Padre Island National Seashore. 1554. The Wreck of Three Spanish Ships on Padre Island.
The wreck of the San Esteban, Santa Maria de Yciar, and Espritu Santo are the oldest known shipwrecks in U.S. waters. The wreck was the greatest disaster to hit the Spanish fleet in the New World to that time.
Ships were often lost to storms or pirates. Therefore ship-
owners did not usually risk their best ships but sent decrepit
ships near the end of their usable life (hoping to collect the
insurance). Of the original fifty-four ships that sailed from
Spain to New Spain in 1552 with San Esteban, Santa Maria de
Yciar, and Espiritu Santo, eight were lost before reaching
their destinations (four to French corsairs).
Ships coming to Vera Cruz came via a route from the Antilles to the southern coast of Cuba to the Bay of Campeche.
Ships going to Spain traveled along the coast north to 27º 30’ North and turned east or…
…followed the northern coast of Cuba.
The original plan was to band the San Esteban, Santa Maria de Yciar, Espiritu Santo, and a fourth ship named
the San Andres into a small fleet under command of Capitan-General Antonio Corzo, master of the San Andres, and proceed to Havana departing San Juan de Ulua on April 9. From Havana they would join other ships in a larger flotilla and would head on to Spain.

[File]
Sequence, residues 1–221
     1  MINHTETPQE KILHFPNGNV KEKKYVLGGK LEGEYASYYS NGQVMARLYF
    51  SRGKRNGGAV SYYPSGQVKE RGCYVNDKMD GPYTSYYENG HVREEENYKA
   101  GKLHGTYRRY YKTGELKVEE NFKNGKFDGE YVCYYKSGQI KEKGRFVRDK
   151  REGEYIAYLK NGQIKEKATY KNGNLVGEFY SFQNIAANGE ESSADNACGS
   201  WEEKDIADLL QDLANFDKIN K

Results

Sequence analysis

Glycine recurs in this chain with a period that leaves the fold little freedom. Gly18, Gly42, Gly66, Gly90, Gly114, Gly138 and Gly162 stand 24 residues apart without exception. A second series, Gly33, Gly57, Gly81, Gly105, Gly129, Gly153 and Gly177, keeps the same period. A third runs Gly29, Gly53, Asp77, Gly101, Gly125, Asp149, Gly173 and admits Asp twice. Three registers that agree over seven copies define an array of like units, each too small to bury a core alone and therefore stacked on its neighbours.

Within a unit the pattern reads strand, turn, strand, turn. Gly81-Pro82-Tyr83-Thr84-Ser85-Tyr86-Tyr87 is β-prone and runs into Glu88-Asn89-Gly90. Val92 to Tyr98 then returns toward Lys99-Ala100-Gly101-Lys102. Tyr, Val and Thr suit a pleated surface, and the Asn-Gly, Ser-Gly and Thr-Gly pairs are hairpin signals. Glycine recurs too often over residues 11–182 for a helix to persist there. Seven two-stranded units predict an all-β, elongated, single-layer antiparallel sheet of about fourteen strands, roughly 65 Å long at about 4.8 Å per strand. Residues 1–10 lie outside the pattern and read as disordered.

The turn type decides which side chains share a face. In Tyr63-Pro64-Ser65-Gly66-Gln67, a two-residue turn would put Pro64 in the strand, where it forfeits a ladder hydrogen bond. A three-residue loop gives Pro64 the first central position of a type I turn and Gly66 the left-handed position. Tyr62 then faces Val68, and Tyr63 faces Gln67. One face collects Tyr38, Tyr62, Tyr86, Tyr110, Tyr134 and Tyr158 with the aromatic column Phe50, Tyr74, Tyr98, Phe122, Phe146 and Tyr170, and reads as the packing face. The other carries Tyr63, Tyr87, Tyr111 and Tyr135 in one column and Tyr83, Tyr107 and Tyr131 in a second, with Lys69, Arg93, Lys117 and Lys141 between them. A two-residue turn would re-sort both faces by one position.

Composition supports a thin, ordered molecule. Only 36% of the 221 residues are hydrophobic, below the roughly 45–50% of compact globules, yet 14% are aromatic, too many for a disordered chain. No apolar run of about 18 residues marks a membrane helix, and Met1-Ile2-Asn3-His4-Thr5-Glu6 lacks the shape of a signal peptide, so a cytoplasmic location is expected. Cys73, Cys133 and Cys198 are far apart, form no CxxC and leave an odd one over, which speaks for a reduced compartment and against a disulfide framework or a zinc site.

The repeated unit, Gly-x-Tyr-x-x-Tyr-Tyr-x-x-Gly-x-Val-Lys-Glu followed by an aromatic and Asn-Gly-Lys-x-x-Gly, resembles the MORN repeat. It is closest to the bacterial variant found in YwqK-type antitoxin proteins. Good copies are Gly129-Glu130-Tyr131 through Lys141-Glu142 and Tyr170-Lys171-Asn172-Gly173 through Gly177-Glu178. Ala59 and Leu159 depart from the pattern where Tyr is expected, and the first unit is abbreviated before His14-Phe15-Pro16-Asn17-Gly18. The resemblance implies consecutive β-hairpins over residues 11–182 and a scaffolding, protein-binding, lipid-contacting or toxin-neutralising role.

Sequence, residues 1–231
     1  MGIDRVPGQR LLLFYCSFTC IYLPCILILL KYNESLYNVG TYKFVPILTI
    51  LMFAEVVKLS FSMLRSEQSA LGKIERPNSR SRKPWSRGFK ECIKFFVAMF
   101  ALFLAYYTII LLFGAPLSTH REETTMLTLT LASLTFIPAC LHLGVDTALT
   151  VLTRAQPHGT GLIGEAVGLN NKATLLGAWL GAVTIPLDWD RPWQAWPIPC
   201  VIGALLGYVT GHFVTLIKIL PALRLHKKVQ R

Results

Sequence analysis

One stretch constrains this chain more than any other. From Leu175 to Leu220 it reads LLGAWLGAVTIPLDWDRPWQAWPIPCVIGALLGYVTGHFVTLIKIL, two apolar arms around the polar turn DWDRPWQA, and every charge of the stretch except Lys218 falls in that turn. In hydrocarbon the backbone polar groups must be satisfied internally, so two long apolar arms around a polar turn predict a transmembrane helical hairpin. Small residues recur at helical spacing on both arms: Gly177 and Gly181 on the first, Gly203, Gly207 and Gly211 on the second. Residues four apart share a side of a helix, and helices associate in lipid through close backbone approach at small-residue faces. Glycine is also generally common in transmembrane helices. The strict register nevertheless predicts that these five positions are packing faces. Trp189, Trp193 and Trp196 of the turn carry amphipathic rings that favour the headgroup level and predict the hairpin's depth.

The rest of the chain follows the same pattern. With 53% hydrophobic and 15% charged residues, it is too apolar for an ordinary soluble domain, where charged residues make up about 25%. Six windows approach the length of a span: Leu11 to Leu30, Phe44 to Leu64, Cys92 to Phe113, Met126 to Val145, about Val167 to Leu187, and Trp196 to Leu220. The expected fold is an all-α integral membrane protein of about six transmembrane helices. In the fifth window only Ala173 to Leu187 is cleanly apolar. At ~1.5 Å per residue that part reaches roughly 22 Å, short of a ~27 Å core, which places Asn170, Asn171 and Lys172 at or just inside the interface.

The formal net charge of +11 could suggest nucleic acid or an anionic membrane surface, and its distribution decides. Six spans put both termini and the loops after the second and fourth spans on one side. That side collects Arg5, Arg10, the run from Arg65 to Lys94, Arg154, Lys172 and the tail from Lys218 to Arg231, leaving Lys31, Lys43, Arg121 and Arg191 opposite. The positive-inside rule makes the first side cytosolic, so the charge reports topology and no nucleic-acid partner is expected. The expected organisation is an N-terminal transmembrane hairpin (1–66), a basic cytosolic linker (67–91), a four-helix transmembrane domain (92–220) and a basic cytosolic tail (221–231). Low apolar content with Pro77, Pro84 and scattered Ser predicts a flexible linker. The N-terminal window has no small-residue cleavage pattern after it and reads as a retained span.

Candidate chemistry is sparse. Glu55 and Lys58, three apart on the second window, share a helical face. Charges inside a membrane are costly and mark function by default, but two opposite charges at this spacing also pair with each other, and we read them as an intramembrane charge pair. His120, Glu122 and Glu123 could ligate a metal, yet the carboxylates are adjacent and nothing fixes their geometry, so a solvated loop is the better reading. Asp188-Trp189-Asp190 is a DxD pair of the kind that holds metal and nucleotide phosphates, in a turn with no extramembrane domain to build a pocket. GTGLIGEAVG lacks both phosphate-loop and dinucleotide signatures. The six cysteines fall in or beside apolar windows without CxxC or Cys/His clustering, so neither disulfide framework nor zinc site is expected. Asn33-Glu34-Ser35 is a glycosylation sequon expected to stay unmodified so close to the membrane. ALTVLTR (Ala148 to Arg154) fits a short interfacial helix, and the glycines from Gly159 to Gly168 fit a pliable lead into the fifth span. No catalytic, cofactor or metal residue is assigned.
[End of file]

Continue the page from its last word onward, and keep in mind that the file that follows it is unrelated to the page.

On the fateful voyage to Spain from Vera Cruz 304 people (passengers and crew) traveled on the San Esteban, Santa Maria de Yciar, and Espiritu Santo including:
and a combined (estimated) cargo of about 96,000 pounds of silver and gold that comprised payment for bills, taxes, inheritances, and so forth.
The voyage from Vera Cruz to Havana normally took 20 days at most. The ships departed Vera Cruz on April 9 and were aground on Padre Island on April 29. There is no record of when the storm hit the small fleet, but it most likely struck when the ships were almost to Havana.
July 21, through September 12, 1554 Spanish Salvage expedition at site salvaging the lost cargo. Archive records place the wrecks at 26 degrees 30 minutes, actually is 26 degree, 45 minutes. The three ships carried a combined total of 87,000 pounds of precious metal (if all silver, approx. 6.6 million dollars with silver at 4.75 an ounce.) Approx. 35,801 pounds were salvaged, Leaving 51,330 unaccounted for.
Spanish recovered about 40% of the precious metal. Of course most of the remaining cargo was pretty much a total loss. Example- Santa Maria Yciar, about 41% of the silver/gold was recovered. Of approx. 15,000 pound s of treasure, only 6,225 pounds was recovered.